Monday, September 21, 2015

Wharton on James--always good

Just a quick post tonight, as I find myself distracted by baseball ('tis that time of year). I'll just share a bit from Simon Nowell-Smith's wonderful collection of anecdotes of Henry James, The Legend of the Master 1948). The book is full of unforgettable glimpses of James the man, but the best, hands down, come from Edith Wharton, a dear friend who saw him clearly and loved what she saw. This account of James's reactions to parody shows both aspects:
Still more disastrous was the effect of letting him know that any of his writings had been parodied. I had alway regarded the fact of being parodied as one of the surest evidences of fame, and once, when he was staying with us in New York, I brought him with glee a deliciously droll article on his novels by poor Frank Colby, the author of Imaginary Obligations. The effect was disastrous. I shall never forget the misery, the mortification even, which tried to conceal itself behind an air of offended dignity. His ever-bubbling sense of fun failed him completely on such occasions.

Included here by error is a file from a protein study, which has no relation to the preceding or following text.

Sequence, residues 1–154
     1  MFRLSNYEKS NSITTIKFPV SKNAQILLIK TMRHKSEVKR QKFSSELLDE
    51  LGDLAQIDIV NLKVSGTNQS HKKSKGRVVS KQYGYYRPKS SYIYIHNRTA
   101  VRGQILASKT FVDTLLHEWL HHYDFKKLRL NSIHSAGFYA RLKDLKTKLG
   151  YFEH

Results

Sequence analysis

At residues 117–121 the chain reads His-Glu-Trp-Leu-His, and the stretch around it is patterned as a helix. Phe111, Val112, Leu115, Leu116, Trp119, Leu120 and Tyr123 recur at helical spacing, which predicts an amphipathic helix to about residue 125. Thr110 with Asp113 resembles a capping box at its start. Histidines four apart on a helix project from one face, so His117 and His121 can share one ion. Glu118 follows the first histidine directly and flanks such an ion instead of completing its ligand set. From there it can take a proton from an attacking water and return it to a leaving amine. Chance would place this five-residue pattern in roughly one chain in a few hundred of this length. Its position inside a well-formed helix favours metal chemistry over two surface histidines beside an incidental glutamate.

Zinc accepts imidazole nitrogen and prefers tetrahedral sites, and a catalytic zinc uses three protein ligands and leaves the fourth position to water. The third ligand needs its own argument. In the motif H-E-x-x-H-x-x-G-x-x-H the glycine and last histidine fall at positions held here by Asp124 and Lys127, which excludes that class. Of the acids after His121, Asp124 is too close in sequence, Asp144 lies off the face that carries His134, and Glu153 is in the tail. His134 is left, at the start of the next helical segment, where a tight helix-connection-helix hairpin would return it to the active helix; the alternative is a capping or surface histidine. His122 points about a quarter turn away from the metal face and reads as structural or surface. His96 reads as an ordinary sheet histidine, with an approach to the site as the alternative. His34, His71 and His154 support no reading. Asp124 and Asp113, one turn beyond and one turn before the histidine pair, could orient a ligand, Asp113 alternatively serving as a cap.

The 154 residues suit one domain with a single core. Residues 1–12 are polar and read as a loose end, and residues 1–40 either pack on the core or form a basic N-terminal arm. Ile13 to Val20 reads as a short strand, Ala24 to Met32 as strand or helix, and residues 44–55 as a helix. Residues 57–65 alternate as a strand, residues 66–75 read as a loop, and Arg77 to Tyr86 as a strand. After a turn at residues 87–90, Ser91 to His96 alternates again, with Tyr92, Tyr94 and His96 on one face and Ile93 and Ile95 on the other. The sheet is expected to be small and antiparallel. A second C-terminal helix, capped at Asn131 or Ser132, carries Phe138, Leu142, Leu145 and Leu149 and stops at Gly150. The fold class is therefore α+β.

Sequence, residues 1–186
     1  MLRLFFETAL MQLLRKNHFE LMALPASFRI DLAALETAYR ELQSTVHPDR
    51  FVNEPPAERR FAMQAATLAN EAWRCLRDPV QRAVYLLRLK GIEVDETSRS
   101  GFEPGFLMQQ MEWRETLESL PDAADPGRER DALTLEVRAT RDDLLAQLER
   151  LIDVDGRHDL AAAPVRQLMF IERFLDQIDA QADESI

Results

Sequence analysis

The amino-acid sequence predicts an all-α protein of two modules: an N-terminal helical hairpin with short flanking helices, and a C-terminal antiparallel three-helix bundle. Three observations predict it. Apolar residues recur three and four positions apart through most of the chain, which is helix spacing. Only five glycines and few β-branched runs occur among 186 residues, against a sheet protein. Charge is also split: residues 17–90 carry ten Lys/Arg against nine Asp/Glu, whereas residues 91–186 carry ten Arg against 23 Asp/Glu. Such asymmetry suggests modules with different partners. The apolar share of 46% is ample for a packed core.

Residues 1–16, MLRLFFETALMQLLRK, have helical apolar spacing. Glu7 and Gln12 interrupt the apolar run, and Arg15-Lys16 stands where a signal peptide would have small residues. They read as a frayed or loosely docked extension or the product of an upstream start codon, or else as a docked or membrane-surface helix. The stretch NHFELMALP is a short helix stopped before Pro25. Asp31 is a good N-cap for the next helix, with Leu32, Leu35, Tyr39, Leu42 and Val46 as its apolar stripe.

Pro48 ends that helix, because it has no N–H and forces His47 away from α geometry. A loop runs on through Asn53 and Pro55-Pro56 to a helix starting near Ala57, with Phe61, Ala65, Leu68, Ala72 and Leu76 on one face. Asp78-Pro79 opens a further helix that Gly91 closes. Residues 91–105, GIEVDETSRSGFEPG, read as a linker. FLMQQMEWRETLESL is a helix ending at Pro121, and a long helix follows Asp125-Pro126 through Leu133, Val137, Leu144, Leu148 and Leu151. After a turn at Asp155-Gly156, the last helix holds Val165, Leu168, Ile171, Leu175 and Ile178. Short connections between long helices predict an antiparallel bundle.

I've had James more and more on the brain lately, both leading up to and after our visit to his house in Rye earlier this month. It may finally be time to read Leon Edel's biography.

1 comment:

  1. I had read, on the other hand, that he quite admired Max Beerbohm's parody of his style in A Christmas Garland. Says the Yale Press blurb for the book: "James, the first author parodied, read A Christmas Garland with 'wonder and delight' and called the book 'the most intelligent that has been produced in England for many a long day.'"

    If you are looking for light October reading, I'd be curious to hear your thoughts on Joan Aiken's The Haunting of Lamb House, in which James and later Lamb House resident E.F. Benson encounter a ghost. I won't claim that Aiken is as fine at pastiche as Beerbohm, but the concept of the book is so great.